By comparison, reverse osmosis permeate typically contains sodium and chloride ions plus silica and dissolved carbon dioxide.

The anion load to the polishing mixed bed is higher than the cation load and, unless a significant excess of anion exchange resin is provided in the mix, the pH at the exhaustion front is acidic resulting in the potential for precipitation of insoluble, colloidal silica.

More recently the move to combined cycle gas turbine power stations has led to a reduction in boiler pressures to, typically, around 60 – 80bar, and the steam rates are considerably lower than those of traditional steam turbine stations.

Consequently the water treatment plants have become smaller and, instead of custom designed systems, most CCGT stations use “packaged plant”.

These are standard products and, although cheaper in capital cost than bespoke units, may not always have the design features required to meet power station standards.

Many standard two-bed deionisation plants, for example, have similar volumes of cation and anion exchange resin.

Depending on the water analysis this may mean that the anion resin bed becomes exhausted before the cation, and this can result in increased silica leakage at the end of the run, placing a high load onto the polishing mixed bed and putting steam purity at risk.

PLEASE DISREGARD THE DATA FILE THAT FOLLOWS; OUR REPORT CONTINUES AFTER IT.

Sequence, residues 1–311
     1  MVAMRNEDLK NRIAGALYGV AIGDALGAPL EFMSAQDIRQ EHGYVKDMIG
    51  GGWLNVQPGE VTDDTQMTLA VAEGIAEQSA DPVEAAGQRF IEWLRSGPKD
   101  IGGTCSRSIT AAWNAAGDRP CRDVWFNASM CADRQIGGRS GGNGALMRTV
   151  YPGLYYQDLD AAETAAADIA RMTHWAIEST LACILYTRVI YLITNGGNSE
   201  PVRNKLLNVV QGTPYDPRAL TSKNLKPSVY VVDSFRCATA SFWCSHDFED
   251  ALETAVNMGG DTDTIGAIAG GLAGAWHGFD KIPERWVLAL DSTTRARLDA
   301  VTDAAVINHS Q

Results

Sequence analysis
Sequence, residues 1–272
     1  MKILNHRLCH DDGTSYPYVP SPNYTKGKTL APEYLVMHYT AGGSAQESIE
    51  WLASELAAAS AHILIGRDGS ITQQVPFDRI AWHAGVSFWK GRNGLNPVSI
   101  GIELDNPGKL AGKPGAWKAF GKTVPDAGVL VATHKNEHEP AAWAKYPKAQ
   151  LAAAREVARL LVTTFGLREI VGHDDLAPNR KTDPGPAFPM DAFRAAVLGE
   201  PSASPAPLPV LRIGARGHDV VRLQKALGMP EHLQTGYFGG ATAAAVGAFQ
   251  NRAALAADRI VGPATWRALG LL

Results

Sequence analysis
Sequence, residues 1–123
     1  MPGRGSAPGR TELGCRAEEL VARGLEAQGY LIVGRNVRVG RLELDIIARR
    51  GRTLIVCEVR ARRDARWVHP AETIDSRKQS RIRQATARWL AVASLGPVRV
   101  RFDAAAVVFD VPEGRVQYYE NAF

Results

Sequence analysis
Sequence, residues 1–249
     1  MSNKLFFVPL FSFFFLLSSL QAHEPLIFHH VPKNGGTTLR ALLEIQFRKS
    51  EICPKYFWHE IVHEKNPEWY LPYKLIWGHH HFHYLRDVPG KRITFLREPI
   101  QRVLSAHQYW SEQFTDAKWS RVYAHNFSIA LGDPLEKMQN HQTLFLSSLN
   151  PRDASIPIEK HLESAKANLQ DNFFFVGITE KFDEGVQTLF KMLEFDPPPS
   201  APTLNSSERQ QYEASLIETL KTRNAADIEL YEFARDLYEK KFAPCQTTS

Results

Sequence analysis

Privatisation of power generation has meant a much greater awareness of economic factors, notably the need to maximise utilisation of assets.

One result of this is that make-up water treatment plants are generally designed to just meet the normal operating demand of the station.

Consequently they may not be adequate during periods of high demand such as commissioning and steam blowing.

But this is not a criticism.

In fact it has been instrumental in one of the biggest changes in the approach to water treatment over the last twenty years: mobile plant.

The periods of high demand are normally planned, predictable and of short duration.

Hiring in a temporary, trailer-mounted, mobile demineralisation plant is a very cost effective solution for these occasions.

When Siemens Power Generation was commissioning the new E.ON 44MW biomass fired power station in Lockerbie the installed make-up water treatment plant did not have sufficient capacity for steam blowing the SST-800 steam turbine so, in August Elga Process Water supplied Aquamove MODI trailers to provide the additional make-up water needed.

Pre-commission flushing of the Air Cooled Condensers (ACC) was also supported by a novel Elga Process Water MOFI mobile filtration and polishing ion exchange plant.

Ordinarily, ACCs are “flushed to drain” for up to 24 hours, generating huge effluent volumes and wasting vast amounts of irrecoverable energy, before operating in a recycle mode.